Sunday, December 18, 2016

You’re Not Supposed To Do That (Part Two of a Collection of Entry Orders in Three Acts)

State v. Lyford, 2016 VT 118 (mem.)

By Elizabeth Kruska

There’s such a thing as an interlocutory appeal. You get to do this only in certain circumstances. And to get to be able to do it, the trial court has to give permission. If the trial court gives permission at the wrong time, you get what happens here.

Ms. Lyford was charged with a crime. She filed a motion to suppress certain evidence in her case. The motion was denied, so she sought interlocutory appeal. The trial judge granted her request, and off the file went to the Vermont Supreme Court.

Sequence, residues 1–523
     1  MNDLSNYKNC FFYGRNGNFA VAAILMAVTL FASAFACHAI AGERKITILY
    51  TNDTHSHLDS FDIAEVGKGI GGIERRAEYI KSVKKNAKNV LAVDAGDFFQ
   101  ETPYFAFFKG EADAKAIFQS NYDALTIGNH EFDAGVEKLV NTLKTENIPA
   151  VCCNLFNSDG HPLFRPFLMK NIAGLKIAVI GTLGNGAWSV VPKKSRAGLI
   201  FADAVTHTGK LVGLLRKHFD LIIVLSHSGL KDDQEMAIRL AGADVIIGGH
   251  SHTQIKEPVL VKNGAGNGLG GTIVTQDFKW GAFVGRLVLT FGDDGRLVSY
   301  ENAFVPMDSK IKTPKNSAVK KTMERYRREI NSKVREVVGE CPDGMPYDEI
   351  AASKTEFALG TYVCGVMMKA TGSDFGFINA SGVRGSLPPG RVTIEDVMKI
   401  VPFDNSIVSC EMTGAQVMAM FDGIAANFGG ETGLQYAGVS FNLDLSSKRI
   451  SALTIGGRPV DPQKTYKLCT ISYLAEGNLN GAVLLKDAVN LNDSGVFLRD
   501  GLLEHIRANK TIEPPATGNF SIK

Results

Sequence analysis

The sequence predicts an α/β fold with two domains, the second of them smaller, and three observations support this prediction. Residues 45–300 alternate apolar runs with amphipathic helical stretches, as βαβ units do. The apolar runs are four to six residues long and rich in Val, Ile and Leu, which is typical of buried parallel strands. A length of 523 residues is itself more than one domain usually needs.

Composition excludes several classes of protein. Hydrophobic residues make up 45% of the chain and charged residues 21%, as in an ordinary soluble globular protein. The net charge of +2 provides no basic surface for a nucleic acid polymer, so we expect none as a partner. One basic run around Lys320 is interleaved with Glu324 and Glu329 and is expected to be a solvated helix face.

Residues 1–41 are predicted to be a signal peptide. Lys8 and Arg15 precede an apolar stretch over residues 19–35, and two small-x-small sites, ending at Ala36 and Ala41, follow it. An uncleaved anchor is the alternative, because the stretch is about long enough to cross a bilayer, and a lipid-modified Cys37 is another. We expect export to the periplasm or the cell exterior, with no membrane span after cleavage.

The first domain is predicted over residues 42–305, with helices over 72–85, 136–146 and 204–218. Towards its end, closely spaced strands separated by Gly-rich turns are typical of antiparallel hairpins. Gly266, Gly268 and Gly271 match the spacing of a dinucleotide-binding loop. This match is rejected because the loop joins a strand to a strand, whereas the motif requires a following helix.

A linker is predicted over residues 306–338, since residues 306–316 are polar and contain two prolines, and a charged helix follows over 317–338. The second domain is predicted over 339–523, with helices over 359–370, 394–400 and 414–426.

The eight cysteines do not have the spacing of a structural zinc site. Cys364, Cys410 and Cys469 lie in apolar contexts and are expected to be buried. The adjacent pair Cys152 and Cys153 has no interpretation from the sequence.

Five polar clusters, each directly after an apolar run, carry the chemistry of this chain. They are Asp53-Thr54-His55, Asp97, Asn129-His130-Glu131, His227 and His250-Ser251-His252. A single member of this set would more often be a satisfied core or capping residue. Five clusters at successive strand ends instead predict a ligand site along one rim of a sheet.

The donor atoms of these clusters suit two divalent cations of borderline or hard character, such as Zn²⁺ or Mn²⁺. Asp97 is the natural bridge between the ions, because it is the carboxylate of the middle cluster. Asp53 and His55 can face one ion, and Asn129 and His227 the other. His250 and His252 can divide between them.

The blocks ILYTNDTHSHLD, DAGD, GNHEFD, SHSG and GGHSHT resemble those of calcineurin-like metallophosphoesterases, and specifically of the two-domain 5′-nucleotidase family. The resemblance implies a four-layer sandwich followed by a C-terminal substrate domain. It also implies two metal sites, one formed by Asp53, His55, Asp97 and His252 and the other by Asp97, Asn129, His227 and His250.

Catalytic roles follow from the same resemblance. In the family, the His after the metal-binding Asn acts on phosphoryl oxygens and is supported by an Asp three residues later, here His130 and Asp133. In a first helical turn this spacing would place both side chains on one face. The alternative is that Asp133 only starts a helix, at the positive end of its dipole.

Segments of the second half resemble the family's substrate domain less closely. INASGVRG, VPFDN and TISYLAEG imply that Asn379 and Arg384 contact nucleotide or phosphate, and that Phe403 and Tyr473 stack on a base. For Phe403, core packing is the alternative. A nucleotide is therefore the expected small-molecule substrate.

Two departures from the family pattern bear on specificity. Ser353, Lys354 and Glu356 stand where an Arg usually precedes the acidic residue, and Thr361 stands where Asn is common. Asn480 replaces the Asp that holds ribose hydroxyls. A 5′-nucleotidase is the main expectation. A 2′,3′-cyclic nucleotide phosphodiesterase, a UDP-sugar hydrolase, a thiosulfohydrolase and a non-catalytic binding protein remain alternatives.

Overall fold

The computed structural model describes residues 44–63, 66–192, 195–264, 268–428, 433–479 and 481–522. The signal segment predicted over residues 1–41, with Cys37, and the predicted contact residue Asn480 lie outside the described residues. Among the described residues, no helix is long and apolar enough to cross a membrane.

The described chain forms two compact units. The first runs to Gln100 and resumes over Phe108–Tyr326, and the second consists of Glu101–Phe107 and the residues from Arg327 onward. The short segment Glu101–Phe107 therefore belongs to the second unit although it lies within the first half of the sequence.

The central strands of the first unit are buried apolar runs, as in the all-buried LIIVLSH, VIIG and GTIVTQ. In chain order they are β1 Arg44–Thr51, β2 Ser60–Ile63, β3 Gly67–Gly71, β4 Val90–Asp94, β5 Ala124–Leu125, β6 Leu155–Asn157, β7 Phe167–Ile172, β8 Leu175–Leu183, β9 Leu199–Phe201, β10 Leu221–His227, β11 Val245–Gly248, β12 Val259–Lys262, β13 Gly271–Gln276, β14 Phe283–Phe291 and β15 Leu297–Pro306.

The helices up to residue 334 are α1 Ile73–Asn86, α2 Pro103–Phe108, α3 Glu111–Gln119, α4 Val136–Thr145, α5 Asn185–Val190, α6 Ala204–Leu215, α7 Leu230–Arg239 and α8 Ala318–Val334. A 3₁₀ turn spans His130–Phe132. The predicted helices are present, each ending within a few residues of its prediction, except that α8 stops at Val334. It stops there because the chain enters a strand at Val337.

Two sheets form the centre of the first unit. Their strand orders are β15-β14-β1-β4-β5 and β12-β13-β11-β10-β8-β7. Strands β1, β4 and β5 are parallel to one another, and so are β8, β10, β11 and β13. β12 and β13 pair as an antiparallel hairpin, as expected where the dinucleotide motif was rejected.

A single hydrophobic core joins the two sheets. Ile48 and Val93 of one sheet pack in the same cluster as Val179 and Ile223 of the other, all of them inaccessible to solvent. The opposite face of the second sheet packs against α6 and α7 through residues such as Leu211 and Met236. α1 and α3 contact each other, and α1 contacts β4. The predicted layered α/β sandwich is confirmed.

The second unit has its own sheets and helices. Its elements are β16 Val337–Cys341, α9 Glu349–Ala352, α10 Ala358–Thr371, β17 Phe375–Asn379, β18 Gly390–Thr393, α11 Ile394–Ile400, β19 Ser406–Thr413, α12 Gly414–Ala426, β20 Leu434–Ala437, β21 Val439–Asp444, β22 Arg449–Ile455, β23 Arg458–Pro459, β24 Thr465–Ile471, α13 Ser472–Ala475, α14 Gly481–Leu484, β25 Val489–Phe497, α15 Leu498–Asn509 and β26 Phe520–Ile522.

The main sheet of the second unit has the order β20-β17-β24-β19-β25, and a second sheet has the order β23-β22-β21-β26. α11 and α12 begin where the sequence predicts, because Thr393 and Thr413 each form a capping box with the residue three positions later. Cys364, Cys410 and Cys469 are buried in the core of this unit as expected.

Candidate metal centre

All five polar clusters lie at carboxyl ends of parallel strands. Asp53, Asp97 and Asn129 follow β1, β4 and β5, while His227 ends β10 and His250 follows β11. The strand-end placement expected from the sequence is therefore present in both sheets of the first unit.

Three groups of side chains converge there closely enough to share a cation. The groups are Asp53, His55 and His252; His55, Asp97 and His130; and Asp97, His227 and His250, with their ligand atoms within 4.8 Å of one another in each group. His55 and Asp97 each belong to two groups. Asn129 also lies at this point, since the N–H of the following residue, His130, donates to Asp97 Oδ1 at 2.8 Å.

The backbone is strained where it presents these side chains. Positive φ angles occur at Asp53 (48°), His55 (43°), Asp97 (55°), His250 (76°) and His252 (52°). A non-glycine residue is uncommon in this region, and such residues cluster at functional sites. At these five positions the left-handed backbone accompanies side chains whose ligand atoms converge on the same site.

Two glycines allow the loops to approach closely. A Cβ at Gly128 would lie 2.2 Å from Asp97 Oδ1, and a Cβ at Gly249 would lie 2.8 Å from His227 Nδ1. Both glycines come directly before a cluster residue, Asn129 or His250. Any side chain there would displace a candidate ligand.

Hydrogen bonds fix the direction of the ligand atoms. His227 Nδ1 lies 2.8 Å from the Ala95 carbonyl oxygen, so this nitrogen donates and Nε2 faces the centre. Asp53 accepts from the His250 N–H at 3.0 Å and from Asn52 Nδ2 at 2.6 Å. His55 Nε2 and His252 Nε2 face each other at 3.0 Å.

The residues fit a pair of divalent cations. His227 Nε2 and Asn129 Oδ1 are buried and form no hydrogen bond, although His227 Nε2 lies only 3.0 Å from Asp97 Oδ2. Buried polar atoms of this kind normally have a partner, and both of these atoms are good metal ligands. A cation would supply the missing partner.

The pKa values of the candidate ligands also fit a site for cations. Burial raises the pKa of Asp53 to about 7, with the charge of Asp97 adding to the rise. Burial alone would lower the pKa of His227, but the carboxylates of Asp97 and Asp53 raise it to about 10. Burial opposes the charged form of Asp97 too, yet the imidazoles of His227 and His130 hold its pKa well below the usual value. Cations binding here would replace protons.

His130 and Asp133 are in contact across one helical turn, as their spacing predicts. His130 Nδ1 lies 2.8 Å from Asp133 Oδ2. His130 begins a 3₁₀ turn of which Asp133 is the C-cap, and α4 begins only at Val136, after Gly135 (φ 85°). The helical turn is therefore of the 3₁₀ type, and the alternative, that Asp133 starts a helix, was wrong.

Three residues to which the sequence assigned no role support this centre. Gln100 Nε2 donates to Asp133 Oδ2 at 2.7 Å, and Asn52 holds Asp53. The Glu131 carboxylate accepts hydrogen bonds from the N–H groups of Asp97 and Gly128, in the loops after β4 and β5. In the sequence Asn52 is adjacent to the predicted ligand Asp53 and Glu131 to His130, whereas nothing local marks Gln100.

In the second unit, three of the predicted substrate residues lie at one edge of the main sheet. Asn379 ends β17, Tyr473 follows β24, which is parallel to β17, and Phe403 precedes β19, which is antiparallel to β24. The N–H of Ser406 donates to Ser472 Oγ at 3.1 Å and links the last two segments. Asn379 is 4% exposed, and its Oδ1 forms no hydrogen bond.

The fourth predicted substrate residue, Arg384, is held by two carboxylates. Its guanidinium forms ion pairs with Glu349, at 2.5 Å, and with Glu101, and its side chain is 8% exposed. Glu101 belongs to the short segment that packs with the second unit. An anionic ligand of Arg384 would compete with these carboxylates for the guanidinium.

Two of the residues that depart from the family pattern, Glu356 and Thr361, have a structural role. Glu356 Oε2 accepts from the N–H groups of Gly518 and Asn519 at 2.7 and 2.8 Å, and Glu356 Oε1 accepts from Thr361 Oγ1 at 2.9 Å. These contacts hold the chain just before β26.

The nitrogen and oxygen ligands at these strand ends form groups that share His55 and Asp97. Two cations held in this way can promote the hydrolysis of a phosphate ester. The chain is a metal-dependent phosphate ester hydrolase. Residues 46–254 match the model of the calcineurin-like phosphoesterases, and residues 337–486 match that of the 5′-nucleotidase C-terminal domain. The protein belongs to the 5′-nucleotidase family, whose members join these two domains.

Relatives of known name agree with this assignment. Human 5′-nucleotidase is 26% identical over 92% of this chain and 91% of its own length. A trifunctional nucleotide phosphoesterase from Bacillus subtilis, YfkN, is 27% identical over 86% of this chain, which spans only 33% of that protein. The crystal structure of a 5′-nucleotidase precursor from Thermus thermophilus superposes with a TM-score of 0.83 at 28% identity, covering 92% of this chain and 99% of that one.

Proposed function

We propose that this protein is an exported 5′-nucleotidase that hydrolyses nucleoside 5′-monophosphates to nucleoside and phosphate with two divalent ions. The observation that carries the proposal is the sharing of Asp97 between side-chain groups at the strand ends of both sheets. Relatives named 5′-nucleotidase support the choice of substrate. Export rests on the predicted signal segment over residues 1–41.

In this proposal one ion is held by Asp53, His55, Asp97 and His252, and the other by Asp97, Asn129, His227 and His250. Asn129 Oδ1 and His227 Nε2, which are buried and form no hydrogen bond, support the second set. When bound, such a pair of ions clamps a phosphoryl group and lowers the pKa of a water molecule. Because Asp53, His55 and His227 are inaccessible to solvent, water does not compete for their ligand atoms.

SCOV said, oops, this shouldn’t be here. A criminal defendant can only take interlocutory appeal on a motion to suppress if he or she has first entered a conditional guilty plea. Ms. Lyford had not done a conditional guilty plea prior to seeking permission to appeal. So, it’s dismissed, as having been improvidently granted.

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